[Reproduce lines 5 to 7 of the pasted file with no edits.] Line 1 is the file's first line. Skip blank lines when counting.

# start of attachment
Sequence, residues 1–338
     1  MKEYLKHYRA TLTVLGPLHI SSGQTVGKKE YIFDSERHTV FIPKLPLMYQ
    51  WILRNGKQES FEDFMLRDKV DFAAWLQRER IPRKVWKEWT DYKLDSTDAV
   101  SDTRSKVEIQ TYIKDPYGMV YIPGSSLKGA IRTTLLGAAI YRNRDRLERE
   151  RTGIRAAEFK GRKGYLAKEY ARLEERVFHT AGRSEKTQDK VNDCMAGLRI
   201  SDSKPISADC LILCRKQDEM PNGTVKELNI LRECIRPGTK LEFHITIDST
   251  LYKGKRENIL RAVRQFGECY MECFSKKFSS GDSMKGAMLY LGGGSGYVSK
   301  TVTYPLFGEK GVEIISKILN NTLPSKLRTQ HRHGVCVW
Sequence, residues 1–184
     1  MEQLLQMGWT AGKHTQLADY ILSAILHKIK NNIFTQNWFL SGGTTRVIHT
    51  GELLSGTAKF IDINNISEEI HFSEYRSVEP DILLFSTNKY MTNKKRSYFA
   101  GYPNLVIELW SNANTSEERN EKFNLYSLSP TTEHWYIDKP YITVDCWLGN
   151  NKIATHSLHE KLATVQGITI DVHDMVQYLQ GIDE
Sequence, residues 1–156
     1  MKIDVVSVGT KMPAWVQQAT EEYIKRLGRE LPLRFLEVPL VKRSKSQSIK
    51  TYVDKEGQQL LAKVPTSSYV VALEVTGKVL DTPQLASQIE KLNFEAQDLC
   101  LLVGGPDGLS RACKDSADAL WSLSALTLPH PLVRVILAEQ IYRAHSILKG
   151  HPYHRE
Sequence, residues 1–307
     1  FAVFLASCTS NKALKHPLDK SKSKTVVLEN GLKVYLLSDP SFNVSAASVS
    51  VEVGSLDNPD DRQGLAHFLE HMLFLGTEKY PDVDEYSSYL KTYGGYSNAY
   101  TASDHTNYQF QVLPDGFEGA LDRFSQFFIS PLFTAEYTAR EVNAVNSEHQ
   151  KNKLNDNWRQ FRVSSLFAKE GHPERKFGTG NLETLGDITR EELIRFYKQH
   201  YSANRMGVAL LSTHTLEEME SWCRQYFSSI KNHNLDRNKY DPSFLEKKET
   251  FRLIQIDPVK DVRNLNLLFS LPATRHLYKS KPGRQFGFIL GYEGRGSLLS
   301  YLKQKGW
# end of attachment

   151  RTGIRAAEFK GRKGYLAKEY ARLEERVFHT AGRSEKTQDK VNDCMAGLRI
   201  SDSKPISADC LILCRKQDEM PNGTVKELNI LRECIRPGTK LEFHITIDST
   251  LYKGKRENIL RAVRQFGECY MECFSKKFSS GDSMKGAMLY LGGGSGYVSK